Have you ever wondered what Jesus’ disciples did in the days following Easter? I wonder all the time. On Easter, they were confronted with the resurrection, which was nothing that made sense. It defied everything everyone knew about death and burial. Then they were confronted by Jesus himself, now fully revealed as God incarnate, which also defied every thing everyone knew about God and messiahs. According to John’s gospel, Jesus appeared to them on Sunday night in full fleshly materiality by entering a locked and shuttered room without benefit of opening the door. I cannot imagine any circumstance where any of this could make sense to the disciples. They completed Easter Day by experiencing multiple traumatic sensory shocks they could not possibly comprehend.
I imagine some lay awake all night trying to figure out what happened. Others slept the sleep of sheer exhaustion. What about Monday morning? Did they gather at the local coffee house asking each other if it really happened, and if it did, what could it mean, and would Jesus come again, and would he knock this time? Did some wander in a daze of private reflection? Maybe some gathered in a living room to talk and talk trying to weave their shared stories into a narrative that might make sense. I wonder if it was a sort of reverse Shiva with food and stories about death turned to life that can’t be explained, and who would believe it anyway?
The week would pass with each new day posing more complicated questions than the day before, and few answers. We’re told that Jesus showed up for fifty days, but we’re not told how often or what he said. My guess is the reality of what had happened, and was happening, slowly crept into the disciples’ understanding, and with it the recognition that they were privileged to have an intimate, in person, relationship with God which would make them messengers of God’s truth, no less so than the angels of holy scripture. Moses was never allowed to see God’s face. They were, in the face of Jesus Christ.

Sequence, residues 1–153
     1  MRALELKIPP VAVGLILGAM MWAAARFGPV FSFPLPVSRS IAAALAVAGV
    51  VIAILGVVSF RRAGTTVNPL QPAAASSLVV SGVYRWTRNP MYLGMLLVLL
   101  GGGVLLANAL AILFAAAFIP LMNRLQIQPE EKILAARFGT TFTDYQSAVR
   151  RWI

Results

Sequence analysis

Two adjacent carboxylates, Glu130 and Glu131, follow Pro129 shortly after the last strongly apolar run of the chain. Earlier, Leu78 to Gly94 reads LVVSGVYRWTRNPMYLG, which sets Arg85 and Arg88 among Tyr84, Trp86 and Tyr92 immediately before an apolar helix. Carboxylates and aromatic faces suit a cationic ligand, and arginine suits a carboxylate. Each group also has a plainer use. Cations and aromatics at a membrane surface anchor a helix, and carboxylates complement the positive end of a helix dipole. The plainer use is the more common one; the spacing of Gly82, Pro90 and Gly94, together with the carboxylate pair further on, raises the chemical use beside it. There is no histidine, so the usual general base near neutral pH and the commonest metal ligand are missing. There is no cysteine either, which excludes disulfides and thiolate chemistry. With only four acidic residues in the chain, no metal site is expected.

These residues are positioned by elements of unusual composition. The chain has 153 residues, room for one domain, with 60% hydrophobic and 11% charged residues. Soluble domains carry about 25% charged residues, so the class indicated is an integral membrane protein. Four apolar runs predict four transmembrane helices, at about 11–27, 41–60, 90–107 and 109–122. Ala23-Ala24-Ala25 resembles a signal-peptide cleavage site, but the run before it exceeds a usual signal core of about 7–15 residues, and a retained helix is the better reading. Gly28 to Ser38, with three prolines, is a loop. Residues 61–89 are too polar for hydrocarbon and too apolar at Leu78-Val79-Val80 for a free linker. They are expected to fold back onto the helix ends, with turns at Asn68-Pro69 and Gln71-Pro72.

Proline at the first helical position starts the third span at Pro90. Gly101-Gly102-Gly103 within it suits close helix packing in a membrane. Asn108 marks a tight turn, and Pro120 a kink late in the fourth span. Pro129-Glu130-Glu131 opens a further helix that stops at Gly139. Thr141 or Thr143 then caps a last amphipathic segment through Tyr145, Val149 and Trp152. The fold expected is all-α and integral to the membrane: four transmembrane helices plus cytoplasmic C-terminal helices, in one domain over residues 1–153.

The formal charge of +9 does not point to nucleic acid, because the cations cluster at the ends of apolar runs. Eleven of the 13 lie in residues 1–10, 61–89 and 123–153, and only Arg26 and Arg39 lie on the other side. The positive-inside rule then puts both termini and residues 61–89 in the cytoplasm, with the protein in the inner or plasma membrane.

The massive cognitive dissonance they were experiencing could be resolved only by rehearsing everything Jesus had said and done, incorporating into it the stories they’d heard from Jesus’ family and friends who knew him before they did. How long would that take? With Jesus guiding them, would fifty days be enough? I guess it was, at least enough to get started proclaiming the good news. The gospel records are not in agreement about these days; John says the fishermen among them went back to Galilee to go fishing. Did they? It makes sense to me. If I made my living as a fisherman before following Jesus, I think I’d go back to what I knew best to help me think things out. Although the gospels agree that the women among Jesus’ disciples were the first to proclaim the resurrection, nothing is said about what they did next. We do know that Jesus’ dedicated band was a little over a hundred men and women. Did the core group of eleven instruct them as they themselves were being instructed? I wonder if Jesus stood in the background like a professor watching a teaching assistant take over a class. I wonder if Mary Magdalene paced back and forth enforcing discipline. A lot is missing.
How long did it take for the new reality to settle into a routine? We need routines. Lives lacking routine are chaotically out of control; lives of obsessive routine are locked in place, unable to move. Routines have to be balanced to form the base for movement but not barriers preventing it. The disciples needed a new routine, so new that it had no precedent. What would balance look like? No one but Jesus could show them the way. How does one create a new routine for which there is no precedent? I imagine it had to be built on established customs not inconsistent with following Jesus, and that meant continuing most Jewish religious practices that frame daily hours, weekly synagogue worship, and annual celebrations. After all, Jesus was an observant Jew. He didn’t throw out the law, he fulfilled it.
I wonder if the disciples got up each day feeling like they were students studying for their final exams before being sent out into the field. I wonder if Peter, James and John began to feel the weight of authority. Did it humble them, or did they assert authority others resented?
The days following Easter are a mystery, and they cause me to wonder as I wander in my own days following Easter.